The Best Kind Of Rehabilitation
I'll tell you of one of the best, and shortest, relationships I've had. It was platonic, it had to be. Friendship born of mutual terror. It was desperate, but unselfish. I won't say the name, it will be 'She' or ' Her'. It was moments of being at my best in the midst of the worse it's ever been. Maybe it all shone a little brighter in contrast. But if the lustre was exaggerated by the awful circumstances, it just stands out all the more for that.
Hospitals are not romantic. People ought not to feel such forms of affection or human love in mental wards. What I experienced was not romance. It was human beings in flashing moments of joy, where joy was not thought to exist. The events of life happen many ways, the perfect storms are not always destructive ones. Though they are often born of such catastrophes.
Paisley green is not a particularly beautiful color. But it can be calming when you're locked in the drug-addict ward of a mental institution. I was afraid. I was angry. I had devoted myself to destruction, and the destruction had let me down. It had stopped working, and the pain was no longer dulled by the miniature suicide attempts that comprised my daily life. I was still alive, and still hurt, and had nothing left to try.
Rehabilitation, drug and alcohol 'rehab'. Here, I was, in a cliché. But the labels, and stigmas mattered so much less when it was clear that my own life was at stake. Those who laugh in the face of death, often stop laughing when death actually shows it's face. Think about that. I was in a strange and scary place. I myself was strange and scared. It was time to look back over my life, to face what was inside, for better and worse. To know for sure, whether I wanted to live or die. When my choice was made, either way, what would I be willing to do to follow through? How could I even begin.
Hospital staff did their jobs wonderfully. I was medicated and educated and given tasks to aid my broken mind through such new, and swirling territories. I made friends and kept a journal. I snuck coffee in and drank it greedily. I wept alone in my room, and failed to repress outbursts of anger and fear. I learned and I grew and I received a human love from the other patients in that place. A human love I had previously failed to see before. I know now that it had been all around me, always. But my eyes were never open. Strangers, suffering, ruined people, taking time away from their pain to assure me I was a worthy human being. To thank me for the help I'd given them, that I had no idea I'd given.
That was the setting, the living, breathing energy in that place. The deepest of human lows, as the backdrop for phoenix potential. The dead, resurrecting and attempting to soar to brave, elusive heights, from the lowest, darkest places where their lives had crashed completely. I was among them. I still am.
I found a simple joy in that place. Someone who seemed to alleviate the loneliness better than all the other things. A person to talk to, relate with, share, and learn about what had gotten us all there, how we would all get out. Why do strangers meet? How do people who have never known each other, find themselves in the exact same places? Why?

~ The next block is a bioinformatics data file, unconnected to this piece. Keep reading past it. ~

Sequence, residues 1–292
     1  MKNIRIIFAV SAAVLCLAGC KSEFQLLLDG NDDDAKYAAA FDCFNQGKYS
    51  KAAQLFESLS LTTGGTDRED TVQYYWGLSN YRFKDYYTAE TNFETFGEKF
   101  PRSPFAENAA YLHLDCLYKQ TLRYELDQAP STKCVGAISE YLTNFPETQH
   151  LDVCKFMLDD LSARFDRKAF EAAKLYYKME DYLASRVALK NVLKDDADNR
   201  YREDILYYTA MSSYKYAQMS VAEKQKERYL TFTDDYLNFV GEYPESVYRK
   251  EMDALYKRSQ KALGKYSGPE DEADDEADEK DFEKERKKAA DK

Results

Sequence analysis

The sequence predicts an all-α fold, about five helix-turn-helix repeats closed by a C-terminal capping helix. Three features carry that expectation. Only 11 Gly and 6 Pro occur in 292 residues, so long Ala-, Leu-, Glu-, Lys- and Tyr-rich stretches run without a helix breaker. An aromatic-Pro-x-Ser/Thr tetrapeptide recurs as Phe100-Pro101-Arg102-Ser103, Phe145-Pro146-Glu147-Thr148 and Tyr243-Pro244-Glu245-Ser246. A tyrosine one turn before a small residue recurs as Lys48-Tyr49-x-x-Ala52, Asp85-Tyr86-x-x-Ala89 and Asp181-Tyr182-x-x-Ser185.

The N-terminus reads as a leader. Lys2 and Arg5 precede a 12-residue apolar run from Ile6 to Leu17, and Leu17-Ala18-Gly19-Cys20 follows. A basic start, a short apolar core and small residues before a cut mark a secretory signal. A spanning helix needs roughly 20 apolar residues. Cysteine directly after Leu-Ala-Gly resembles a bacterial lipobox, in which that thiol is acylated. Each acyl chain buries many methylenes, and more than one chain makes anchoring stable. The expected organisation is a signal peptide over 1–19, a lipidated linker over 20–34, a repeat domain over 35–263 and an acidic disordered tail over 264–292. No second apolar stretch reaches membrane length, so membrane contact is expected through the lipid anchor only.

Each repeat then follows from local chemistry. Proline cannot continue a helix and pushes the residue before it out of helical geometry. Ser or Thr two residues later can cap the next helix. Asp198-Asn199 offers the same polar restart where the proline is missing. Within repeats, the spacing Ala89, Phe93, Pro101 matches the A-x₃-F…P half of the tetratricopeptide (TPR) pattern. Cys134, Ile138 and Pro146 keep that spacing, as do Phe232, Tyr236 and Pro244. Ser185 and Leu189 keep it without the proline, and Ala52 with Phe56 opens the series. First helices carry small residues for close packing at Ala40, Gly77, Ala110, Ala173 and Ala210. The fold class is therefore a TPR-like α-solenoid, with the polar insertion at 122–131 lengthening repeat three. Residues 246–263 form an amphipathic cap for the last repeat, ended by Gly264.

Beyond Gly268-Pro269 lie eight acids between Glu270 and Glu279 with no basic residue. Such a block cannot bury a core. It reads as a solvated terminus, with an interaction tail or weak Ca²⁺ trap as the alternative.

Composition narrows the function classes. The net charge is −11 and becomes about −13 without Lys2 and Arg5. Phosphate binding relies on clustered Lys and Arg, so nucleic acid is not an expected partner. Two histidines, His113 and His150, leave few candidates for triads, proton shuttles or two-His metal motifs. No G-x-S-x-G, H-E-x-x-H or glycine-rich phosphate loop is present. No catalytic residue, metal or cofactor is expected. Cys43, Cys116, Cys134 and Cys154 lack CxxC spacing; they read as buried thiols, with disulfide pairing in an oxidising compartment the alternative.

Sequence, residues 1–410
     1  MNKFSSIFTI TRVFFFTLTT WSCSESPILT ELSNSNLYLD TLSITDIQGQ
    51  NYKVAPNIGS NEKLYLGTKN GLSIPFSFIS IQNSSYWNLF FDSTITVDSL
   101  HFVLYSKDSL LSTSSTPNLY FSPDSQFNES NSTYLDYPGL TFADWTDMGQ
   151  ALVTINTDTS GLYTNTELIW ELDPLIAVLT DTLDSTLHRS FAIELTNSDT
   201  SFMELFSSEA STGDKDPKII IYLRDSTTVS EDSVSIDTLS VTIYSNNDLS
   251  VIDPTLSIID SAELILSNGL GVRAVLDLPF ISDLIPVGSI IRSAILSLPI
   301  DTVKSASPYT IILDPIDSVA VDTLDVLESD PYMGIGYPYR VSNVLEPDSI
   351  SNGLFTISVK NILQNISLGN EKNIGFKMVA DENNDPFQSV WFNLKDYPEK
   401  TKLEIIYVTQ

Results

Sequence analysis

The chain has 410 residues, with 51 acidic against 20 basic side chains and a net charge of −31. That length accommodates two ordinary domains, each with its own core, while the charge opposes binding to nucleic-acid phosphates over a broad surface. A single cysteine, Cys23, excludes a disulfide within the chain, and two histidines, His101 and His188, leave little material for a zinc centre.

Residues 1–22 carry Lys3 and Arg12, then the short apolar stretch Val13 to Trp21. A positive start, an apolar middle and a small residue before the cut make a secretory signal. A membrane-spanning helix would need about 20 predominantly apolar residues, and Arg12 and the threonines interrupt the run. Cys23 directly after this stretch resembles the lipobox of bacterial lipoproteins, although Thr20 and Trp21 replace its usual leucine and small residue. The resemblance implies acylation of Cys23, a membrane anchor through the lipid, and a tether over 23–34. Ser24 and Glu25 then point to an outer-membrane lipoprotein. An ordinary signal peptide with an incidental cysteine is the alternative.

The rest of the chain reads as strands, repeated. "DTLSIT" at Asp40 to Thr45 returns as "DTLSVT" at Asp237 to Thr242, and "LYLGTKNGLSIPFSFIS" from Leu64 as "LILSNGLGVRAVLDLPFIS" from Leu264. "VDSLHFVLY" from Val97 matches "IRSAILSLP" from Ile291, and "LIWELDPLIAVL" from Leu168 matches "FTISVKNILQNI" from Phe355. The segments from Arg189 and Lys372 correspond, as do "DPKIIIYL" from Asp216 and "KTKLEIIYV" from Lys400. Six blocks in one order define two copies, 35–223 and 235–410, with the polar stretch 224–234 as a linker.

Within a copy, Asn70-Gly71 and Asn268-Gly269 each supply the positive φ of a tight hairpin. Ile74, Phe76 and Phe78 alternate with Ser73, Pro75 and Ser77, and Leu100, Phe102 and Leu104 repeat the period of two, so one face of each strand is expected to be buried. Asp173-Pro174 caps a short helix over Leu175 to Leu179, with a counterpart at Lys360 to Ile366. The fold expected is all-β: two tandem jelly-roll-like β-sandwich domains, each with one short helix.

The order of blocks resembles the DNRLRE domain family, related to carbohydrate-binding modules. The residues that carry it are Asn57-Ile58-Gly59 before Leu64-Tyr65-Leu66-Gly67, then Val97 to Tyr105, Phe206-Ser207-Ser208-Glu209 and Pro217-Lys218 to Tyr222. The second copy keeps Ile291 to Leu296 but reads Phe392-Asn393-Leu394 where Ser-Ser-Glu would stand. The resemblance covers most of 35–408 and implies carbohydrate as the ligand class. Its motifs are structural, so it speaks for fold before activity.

She wore melancholy like an expensive perfume. A lifetime of pressure to meet the expectations of parents, siblings, boyfriends, glamour magazines, and society's standards.
I wore anger like a badge of honour. A lifetime of offenses masquerading as revenge. Against all of it. Everyone. I had been hurt and the world had to pay. But I was weak, and lame, and the concussive waves of my impotent fury reached only as far as the people who loved me and kept me alive. I had tried for so long to bite every finger off of the hand that had fed me.
I was there to learn how disgusted I could become with myself. How awful I was capable of being, how blind to it I had been. And then, to my own surprise, I was to be shown that even I had redemptive qualities. That perhaps even I deserved salvation. That a wild animal could be trained and domesticated and allowed to live among humans.
Nothing about her was particular. Her beauty was as grass growing out between the cracks in concrete. With effort, and struggle it shown through in brief spots. A smile seemed forced and painful, but genuine at the corners. Her eyes would flare in recognition of some emotion being denied. I didn't want to love her forever. I didn't want to lover her romantically. I wanted to be a jester. To achieve the satisfaction one can only get by bringing joy to another. Let the broken fix the broken, and the world will function fine, if not slightly off, the parts will still work, and the quirks will add dimension to the tapestry.
If I could make her laugh, it would make me smile. I think we both needed that. A joke at a funeral can be the funniest one ever told. So I fixed the cable TV in our ward. Because she wanted to watch MTV. I didn't want to watch it, but I could sit in the corner and write, or pretend to watch with her. I could whisper a smart remark in group therapy and make her giggle. Distracting her from her torment, allowed me distraction form mine. That was what made the arrangement so nice. I could offer nothing tangible, or lasting, or substantial. I could but provide a brief reprieve, and in so doing, receive my very own. And that was it. It was that simple. To say to someone else, "You are not alone. We are not alone. The world is as it is. We are where and how we are. Now, why don't we talk about the weather?"
(c)Valentine Media, Sonny Giordano, 2010